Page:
Sen. MacDonald doubled down on this intention at a recent candidate forum in Brookfield, in which he said to the crowd (at 2:30):

Vermonters cannot afford to continue using fossil fuels, and we need to have a system that helps low income Vermonters when every twenty or twenty-five years they’ve got to put in a new furnace or a new propane furnace. That’s the time to help them switch to renewable fuels. If they buy a new furnace they are trapped for the next twenty or twenty-five years and at the mercy of oil prices. We’ve gotta crack that nut and we’ve gotta do it now because Vermonters use more oil than any other heating source and it’s unaffordable.

Translation: low income Vermonters must be “helped” to switch to grid-dependent electricity for heat by banning oil furnaces or charging a fee for buying them as is now being attempted in Burlington. Heating fuels are already regressively taxed to fund weatherization projects despite protests by Democrats that these are regressive, not progressive.

Weatherization is implemented on a sliding income scale: EV cars, solar panels and heat pumps are simply too expensive for many Vermonters. The “system that helps low income Vermonters” is based on the heating oil tax that MacDonald embraces through the Clean Heat standard.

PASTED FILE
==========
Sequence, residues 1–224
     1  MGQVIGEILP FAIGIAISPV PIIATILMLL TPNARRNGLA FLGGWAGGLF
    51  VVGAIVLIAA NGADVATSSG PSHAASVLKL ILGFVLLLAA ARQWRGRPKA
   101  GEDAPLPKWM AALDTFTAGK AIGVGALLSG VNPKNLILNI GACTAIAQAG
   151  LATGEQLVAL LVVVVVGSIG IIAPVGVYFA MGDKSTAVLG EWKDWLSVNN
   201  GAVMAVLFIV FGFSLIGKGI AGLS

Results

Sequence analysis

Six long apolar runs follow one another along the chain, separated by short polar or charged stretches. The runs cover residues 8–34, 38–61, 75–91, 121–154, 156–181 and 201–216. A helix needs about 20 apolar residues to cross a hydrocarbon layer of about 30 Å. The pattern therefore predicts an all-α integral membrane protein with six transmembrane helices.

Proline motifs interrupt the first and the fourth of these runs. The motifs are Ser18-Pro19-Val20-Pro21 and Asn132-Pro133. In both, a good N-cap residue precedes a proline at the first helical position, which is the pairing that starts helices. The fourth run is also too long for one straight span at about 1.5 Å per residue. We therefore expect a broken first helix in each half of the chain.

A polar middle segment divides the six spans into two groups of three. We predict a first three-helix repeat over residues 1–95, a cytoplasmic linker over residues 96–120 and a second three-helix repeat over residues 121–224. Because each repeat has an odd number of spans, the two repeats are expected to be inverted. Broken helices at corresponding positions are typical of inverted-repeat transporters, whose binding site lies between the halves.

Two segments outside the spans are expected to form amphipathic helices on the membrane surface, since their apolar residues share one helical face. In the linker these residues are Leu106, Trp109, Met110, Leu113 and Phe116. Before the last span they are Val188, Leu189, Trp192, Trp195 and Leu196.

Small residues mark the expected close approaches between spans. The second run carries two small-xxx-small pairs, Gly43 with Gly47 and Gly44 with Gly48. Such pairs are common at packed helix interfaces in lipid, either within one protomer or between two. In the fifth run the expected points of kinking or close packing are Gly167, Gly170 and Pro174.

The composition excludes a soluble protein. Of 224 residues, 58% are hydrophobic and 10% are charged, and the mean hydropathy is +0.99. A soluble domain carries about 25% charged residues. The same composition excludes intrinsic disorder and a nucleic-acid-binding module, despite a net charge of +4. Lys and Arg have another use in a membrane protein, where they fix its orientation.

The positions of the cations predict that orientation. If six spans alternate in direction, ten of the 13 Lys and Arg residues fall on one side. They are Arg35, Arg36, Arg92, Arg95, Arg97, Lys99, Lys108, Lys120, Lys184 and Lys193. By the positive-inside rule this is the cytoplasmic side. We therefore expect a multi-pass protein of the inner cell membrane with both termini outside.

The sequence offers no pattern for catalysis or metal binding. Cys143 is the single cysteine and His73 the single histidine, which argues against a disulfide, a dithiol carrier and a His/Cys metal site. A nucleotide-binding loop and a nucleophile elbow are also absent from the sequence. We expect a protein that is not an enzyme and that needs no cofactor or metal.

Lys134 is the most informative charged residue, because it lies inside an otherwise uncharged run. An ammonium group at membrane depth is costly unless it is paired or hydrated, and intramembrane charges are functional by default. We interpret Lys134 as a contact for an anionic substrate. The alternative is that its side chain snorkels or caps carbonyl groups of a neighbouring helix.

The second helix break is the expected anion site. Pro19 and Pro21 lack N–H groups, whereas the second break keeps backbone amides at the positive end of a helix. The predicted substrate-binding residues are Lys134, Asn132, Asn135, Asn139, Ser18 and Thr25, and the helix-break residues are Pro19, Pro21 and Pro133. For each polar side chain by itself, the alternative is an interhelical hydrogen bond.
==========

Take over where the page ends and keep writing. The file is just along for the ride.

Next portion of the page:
By the next forum discussion, the senator had shifted his position substantially, stating (at 6:47):

The Legislature spent two years coming up with a Global Warming Solutions Act, which was a exercise in planning how to deal with energy costs. Then it passed a Clean Heat Bill, which lays out future planning on how to deal with electric energy costs, but none of the actions necessary have taken place. [My opponent] Mr. Klar has brought up in his mailing ‘MacDonald voted to increase heating taxes’ — which is, there was never a vote to increase heating oil taxes, no one in the Legislature voted to increase heating taxes, and there was simply no such thing, So I was surprised to read that.

But as the above exchange between MacDonald and Sen. Chris Bray demonstrates, he understood when supporting the Clean Heat Bill that they were “building into the price of the fuel the cost to help reduce the emissions.” Indeed the Act calls in section 8126(a)(3) for a Report to measure “the fuel price impacts calculated in section 8125 of this title on low-income and moderate-income customers,” and in 8128 Section 3(h)(1) requires that:

The reports shall include, to the extent available, estimates of the impact of the Clean Heat Standard on customers, including impacts to customer rates and fuel bills for participating and nonparticipating customers.

Now Mark MacDonald claims “there was simply no such thing.” As winter and Election Day approach, Vermonters should examine the fine print and challenge so-called Progressives to stop pretending they are “helping the poor” by taxing heating oil and banning oil furnaces. They are not, and artificially raising prices on fuels will push Vermonters to burn more firewood.

And we know the Progressives don’t want that! Will they tax wood, or just ban wood stoves?

State Sen. Mark MacDonald reportedly recently suffered a stroke. John Klar and True North wish Mark a speedy recovery.